By Nicole Dolan – Staff Writer, Kansas City Business Journal
Amanda Malone was in high school English class when she learned about KC Scholars. It was one of the first times she felt the future she dreamed of was attainable.
KC Scholars helps students from underrepresented communities, providing professional mentorship and financial assistance to bridge gaps that might make visions of the future unattainable.
Malone is one of 5,000 participants in KC Scholars, including students now in college and those still in high school. She’s also part of the 77% of participants who are first-generation college students.
KC Scholars was launched to take over the mission of Kauffman Scholars. A new program, the University of Missouri-Kansas City’s Professional Mobility Escalators, soon will begin taking applications for student assistance that will extend through professional school.
Although the primary objective of the programs is to raise the career trajectories for area youths, they also align with goals to lift the prospects of whole segments of the community while building the skilled and diverse talent needed to boost the local economy.
Before joining KC Scholars, Malone was a manager for Taco Bell. She said she would be in the same position today without the help provided by the program. Instead, she’s entering her senior year at UMKC.
“The scholarship, to put it frankly, has changed my entire life — a 180,” Malone said. “I’m continuing to find out what this new life holds for me every single day.”
A concept evolves
The idea of providing larger-scale help for inner-city students dates back more than three decades. Entrepreneur and philanthropist Ewing Kauffman made an offer to eighth-graders at Kansas City’s Westport High School: If they graduated, he would pay their way through college or vocational school — tuition, books, even room and board. Project Choice continued and expanded to a handful of other area urban schools.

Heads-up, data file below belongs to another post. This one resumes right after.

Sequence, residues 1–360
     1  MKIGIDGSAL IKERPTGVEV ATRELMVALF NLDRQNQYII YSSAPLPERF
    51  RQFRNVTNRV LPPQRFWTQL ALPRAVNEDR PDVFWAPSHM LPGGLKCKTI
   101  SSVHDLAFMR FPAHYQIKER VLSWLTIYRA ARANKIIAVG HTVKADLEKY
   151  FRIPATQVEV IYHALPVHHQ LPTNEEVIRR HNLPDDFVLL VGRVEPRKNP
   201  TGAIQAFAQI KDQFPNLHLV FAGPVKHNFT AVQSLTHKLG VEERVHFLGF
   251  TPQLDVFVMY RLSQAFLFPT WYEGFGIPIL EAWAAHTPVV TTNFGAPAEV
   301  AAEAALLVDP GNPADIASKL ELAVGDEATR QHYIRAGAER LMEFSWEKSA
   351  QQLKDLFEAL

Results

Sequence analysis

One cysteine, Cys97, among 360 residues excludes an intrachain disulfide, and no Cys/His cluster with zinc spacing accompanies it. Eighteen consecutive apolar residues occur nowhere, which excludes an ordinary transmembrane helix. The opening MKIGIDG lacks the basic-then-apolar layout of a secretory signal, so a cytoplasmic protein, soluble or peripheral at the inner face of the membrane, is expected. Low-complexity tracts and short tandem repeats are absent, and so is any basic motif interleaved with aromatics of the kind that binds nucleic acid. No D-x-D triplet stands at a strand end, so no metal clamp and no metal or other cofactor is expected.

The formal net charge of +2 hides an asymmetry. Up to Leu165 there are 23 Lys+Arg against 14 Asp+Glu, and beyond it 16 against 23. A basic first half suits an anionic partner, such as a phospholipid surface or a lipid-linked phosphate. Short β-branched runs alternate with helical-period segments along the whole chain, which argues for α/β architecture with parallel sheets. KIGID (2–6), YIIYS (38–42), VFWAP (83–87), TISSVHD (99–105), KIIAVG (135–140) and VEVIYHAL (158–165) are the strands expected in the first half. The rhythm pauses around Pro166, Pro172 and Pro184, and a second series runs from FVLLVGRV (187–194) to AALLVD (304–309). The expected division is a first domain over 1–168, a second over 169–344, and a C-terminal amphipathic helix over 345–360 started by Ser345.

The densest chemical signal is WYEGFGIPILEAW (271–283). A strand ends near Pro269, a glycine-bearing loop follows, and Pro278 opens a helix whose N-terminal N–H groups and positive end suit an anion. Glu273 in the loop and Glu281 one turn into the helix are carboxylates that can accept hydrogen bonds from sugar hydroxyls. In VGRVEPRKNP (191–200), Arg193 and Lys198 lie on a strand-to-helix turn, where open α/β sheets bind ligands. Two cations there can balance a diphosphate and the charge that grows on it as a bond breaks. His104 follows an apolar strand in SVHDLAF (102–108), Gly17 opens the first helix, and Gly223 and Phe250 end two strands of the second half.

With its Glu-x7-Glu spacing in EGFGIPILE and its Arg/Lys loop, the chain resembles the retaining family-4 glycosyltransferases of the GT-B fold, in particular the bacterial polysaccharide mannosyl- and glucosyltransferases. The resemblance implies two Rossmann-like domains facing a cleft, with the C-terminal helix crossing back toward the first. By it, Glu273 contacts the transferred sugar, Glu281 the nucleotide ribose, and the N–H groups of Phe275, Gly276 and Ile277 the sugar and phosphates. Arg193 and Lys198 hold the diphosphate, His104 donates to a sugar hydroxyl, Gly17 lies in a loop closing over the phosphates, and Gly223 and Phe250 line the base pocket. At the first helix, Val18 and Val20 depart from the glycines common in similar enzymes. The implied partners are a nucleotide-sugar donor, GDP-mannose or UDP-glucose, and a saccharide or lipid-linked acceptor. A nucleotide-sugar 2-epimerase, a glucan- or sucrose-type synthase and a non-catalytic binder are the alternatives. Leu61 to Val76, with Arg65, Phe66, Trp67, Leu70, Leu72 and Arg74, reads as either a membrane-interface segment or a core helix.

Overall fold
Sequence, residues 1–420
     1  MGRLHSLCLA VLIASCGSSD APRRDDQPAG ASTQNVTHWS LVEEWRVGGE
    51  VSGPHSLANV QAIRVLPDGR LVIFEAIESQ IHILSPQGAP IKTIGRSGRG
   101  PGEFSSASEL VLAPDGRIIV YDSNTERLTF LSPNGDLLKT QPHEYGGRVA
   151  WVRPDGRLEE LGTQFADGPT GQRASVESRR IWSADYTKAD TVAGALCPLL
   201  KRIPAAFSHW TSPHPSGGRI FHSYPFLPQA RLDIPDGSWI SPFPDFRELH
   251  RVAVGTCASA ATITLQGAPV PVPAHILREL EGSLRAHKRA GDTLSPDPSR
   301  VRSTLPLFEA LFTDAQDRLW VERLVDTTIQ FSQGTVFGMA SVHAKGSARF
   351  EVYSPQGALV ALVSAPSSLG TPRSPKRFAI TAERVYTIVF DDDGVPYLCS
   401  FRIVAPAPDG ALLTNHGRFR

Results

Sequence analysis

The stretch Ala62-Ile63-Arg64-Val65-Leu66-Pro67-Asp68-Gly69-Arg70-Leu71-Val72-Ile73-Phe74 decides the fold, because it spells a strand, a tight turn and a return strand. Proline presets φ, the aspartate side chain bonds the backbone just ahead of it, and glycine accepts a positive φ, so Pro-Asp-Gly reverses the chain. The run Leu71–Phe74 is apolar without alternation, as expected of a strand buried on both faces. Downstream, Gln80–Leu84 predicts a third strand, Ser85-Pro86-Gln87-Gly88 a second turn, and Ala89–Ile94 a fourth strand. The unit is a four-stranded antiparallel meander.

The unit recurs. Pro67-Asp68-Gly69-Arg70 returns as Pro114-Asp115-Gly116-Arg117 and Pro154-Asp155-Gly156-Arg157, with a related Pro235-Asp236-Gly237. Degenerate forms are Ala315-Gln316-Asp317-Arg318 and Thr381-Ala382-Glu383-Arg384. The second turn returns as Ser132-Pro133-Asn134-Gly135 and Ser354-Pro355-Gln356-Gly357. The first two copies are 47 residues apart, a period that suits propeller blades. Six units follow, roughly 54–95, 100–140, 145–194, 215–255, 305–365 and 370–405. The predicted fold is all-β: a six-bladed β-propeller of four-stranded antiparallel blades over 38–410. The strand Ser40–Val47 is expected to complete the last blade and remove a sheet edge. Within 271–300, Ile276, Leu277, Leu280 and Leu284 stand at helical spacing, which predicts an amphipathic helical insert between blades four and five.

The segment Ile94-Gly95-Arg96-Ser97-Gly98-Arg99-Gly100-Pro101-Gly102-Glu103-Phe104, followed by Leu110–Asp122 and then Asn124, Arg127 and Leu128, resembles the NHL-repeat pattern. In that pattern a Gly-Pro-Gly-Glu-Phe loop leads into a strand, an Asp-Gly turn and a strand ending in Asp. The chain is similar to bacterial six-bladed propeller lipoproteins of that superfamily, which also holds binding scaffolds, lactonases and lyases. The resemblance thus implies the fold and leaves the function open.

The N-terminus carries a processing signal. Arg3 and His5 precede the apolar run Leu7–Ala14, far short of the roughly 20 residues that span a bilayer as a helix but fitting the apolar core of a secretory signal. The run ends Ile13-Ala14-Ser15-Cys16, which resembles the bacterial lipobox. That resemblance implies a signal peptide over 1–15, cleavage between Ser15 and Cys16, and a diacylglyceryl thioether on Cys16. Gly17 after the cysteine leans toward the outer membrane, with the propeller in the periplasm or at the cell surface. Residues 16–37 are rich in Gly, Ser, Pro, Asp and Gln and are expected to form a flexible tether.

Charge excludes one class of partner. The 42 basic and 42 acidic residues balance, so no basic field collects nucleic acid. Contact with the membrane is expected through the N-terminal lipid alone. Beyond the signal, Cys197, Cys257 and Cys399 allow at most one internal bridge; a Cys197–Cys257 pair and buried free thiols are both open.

The Ewing Marion Kauffman Foundation launched Kauffman Scholars in 2003 to carry on the mission, offering assistance with studies as well as financial aid. That program accepted its final group of seventh-grade students 10 years ago. With their graduation from college, the program will end after the coming school year.
KC Scholars formed five years ago to have the community take over the work. CEO Beth Tankersley-Bankhead said the program aims to reach 15,000 students by 2026.
KC Scholars offers traditional scholarships to 11th-graders and adult learners to attend one of 17 area colleges or universities. Beginning this year, it also offered a program to match college savings by students and families. It recruits students in Cass, Clay, Jackson, and Platte counties in Missouri and Wyandotte and Johnson counties in Kansas.
Of the scholars, 81% are students of color. For those on the traditional college path, the share of Black and Hispanic awardees is nearly double the percentage of those students at Kansas City-area high schools.
In the adult learners group, the share of Black awardees is five times the Black population in the six-county region.
Chinecherem Ihenacho received a spot in the College Match and Incentive program in 2019. Going into her senior year of high school, she has realized the importance of taking the initiative to advocate for her future.